Kronos Survey: Employees Skip Work to Watch Sports Instead

Computerworld May 22, 2012
Kronos Survey: Employees Skip Work to Watch Sports Instead
The survey found that 48% of Indian employees admitted to calling in sick to work so they could stay home and watch or attend a sporting event such as the IPL.

A new global survey commissioned by The Workforce Institute at Kronos Incorporated and conducted by Harris Interactive reveals that employees around the world have, to varying degrees, called in sick to work over a sporting event.

James Thomas, country manager- India, Kronos, was quoted in the press release as saying, "(This is) A very timely report to see how unplanned absence can be an even bigger challenge during the days of IPL. We are glad to bring attention of corporates to manage absences better in India, and provide practical insights to employee behavior and trends"

Conducted across Australia, Canada, China, France, India, Mexico, the U.K., and the U.S, the "Sidelined by Sports" survey came out with some interesting findings.

At 58%, China had the highest figure for percentage of employees who admitted to calling in sick to work so that they could stay home and watch or attend a sporting event. For India that figure stood at 48% - managers should now be able to make sense of all those absences during the current IPL season.

The figures for the other regions are as follows: U.K. with 24 percent, Mexico with 21 percent, Australia with 19 percent, Canada with 13 percent, and the U.S. with 11 percent. Interestingly, in France only one percent of the employees reported to haven been absent from office to watch a sporting event.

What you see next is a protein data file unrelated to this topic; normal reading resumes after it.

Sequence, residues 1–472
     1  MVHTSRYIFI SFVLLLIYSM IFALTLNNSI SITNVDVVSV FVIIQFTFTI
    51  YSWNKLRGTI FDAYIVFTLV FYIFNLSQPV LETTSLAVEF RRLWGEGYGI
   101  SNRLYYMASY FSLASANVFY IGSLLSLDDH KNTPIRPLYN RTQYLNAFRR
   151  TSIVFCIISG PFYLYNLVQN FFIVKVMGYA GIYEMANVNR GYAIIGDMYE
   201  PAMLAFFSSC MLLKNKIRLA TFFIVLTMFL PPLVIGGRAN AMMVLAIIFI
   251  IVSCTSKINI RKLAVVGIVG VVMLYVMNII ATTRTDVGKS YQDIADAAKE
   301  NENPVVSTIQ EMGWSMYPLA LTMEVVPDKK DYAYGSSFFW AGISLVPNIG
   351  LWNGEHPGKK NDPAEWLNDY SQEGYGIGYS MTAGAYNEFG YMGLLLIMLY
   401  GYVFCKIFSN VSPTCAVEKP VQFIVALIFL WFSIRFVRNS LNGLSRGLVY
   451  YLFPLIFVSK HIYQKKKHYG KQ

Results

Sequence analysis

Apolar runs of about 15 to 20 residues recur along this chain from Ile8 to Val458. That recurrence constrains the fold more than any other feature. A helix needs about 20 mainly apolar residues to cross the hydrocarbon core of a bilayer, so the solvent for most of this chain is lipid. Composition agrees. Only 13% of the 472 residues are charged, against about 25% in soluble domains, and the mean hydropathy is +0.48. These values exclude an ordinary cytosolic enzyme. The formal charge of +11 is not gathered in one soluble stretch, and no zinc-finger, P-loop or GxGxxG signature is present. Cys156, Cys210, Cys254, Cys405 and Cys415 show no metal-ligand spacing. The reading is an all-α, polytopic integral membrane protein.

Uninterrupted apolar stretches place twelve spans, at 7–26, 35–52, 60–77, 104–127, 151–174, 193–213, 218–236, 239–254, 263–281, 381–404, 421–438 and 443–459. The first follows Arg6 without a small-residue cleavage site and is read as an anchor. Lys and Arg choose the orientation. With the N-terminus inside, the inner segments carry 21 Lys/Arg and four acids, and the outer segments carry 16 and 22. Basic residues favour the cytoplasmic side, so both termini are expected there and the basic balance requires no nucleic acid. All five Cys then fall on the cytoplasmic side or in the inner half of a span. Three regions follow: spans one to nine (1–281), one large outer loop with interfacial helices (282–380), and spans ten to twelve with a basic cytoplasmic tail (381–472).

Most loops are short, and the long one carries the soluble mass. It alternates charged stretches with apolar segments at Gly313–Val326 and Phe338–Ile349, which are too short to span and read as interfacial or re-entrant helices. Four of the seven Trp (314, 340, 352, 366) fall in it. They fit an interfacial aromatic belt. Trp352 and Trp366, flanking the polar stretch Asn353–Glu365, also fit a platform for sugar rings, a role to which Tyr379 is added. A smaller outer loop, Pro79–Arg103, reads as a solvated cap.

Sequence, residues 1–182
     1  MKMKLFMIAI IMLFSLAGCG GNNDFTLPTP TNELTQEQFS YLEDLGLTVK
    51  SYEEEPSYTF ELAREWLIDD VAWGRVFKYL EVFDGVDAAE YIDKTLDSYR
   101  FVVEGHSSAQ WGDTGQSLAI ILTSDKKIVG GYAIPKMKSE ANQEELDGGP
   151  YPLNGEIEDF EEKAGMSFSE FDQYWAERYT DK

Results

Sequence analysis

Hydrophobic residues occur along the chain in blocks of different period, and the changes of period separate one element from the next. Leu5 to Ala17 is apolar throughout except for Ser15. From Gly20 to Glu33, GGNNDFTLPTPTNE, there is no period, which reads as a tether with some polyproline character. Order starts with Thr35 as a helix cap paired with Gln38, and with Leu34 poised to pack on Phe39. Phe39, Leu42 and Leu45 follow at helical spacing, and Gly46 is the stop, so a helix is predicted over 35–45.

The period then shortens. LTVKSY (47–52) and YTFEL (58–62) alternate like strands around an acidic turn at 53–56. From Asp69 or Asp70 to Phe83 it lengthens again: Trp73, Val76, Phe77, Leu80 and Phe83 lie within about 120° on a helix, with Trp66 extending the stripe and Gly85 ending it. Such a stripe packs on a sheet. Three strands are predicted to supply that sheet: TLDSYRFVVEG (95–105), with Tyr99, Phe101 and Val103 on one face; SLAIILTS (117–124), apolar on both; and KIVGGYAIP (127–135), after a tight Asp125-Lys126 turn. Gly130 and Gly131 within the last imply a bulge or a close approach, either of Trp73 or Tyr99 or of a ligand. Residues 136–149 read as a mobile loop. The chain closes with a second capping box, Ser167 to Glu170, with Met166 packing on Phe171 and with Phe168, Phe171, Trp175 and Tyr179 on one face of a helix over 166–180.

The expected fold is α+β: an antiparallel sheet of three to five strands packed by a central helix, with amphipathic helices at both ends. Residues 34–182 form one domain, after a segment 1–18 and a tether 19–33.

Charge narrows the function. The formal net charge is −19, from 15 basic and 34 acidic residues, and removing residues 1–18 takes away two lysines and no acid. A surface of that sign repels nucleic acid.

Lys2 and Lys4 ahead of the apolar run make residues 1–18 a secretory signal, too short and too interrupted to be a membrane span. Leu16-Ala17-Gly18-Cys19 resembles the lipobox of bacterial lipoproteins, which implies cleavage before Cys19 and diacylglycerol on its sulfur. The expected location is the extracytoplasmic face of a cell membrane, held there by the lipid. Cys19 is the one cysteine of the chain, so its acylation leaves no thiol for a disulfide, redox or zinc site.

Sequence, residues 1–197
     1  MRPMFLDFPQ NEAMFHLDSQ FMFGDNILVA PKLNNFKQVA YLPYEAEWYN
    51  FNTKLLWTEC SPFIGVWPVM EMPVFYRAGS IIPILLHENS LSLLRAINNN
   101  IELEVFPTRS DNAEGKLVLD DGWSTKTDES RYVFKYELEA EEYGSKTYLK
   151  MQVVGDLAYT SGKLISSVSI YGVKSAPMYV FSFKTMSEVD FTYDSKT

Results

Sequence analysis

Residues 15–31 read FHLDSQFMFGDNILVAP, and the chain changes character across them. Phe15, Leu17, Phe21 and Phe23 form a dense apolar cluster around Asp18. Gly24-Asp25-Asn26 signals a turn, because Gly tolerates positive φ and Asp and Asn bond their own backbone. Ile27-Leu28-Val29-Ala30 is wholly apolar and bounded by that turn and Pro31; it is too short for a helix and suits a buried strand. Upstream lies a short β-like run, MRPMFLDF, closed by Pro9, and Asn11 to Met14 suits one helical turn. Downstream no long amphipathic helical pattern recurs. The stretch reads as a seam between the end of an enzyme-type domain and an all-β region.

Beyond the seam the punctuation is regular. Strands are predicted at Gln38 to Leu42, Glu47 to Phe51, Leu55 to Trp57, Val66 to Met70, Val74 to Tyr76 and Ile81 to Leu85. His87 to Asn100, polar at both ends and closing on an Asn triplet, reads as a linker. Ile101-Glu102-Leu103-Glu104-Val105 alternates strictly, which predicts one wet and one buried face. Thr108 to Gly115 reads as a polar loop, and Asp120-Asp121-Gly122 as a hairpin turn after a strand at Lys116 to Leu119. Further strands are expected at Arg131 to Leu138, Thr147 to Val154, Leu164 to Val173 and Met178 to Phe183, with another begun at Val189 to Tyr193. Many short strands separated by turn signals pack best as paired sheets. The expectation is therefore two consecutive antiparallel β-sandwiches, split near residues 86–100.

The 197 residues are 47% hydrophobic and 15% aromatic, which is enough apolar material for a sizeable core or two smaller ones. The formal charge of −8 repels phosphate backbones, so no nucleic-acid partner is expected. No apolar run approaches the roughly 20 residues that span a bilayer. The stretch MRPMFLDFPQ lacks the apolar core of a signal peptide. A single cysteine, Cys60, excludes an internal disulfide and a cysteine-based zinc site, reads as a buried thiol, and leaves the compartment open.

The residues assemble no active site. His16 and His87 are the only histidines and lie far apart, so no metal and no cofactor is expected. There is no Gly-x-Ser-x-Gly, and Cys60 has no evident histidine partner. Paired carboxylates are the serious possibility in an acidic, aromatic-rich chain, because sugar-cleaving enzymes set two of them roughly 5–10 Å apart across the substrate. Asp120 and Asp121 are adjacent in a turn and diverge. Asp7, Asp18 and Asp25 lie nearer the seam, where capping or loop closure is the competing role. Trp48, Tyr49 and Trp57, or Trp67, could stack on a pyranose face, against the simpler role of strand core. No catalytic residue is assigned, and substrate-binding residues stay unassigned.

Similarly, a good number of respondents also said that they had called in sick the day after a sporting event because they were up late watching/attending it: 54 percent in China, 41 percent in India, 23 percent in the U.K., 19 percent in Australia, 16 percent in Mexico, nine percent in Canada, seven percent in the U.S., and one percent in France.

Moreover, when it came to calling in sick to play a sport themselves, 49 percent of people in China agreed to doing this, followed by India with 38 percent, Mexico with 18 percent, the U.K. with 16 percent, Australia with 10 percent, Canada with seven percent, the U.S. with five percent, and France with zero.

Whether they stayed home to watch it on television, attended it live, played the sport themselves, or needed a day off after staying up late to watch, sports had a significant impact on attendance at work.

While any sports fan would be happy to see the growing popularity of sports in India, these sports induced absences don’t bode all to well for the companies. To illustrate this point consider what a recent survey conducted by Mercer and sponsored by Kronos found: unscheduled absences – such as when an employee calls in sick at the last minute – cost organizations 8.7 percent of payroll each year.